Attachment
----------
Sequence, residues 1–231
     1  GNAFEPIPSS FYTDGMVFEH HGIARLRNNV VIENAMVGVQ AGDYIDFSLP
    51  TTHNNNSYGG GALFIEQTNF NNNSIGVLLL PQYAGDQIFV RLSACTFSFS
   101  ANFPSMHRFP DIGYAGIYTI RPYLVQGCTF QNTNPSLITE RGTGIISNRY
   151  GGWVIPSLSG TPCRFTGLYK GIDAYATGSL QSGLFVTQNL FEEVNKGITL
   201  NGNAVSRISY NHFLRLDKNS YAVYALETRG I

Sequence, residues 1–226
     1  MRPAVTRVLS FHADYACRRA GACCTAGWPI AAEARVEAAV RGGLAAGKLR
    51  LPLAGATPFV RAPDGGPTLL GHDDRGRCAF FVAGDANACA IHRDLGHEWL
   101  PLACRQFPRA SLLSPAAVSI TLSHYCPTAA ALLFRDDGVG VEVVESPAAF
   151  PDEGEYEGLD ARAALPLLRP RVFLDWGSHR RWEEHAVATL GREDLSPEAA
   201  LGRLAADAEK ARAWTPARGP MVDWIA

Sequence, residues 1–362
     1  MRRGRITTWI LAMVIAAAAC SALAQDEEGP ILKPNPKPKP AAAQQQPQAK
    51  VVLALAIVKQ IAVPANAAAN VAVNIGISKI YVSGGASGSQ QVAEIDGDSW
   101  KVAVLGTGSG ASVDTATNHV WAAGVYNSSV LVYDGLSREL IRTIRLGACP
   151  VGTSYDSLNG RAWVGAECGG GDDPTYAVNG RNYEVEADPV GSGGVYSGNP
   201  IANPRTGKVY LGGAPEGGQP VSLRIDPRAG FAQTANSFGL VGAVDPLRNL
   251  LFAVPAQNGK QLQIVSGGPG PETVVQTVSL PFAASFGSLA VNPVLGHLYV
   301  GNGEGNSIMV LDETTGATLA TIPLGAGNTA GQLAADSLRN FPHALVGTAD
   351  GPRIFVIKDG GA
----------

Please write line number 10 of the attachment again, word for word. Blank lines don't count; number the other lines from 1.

   101  PLACRQFPRA SLLSPAAVSI TLSHYCPTAA ALLFRDDGVG VEVVESPAAF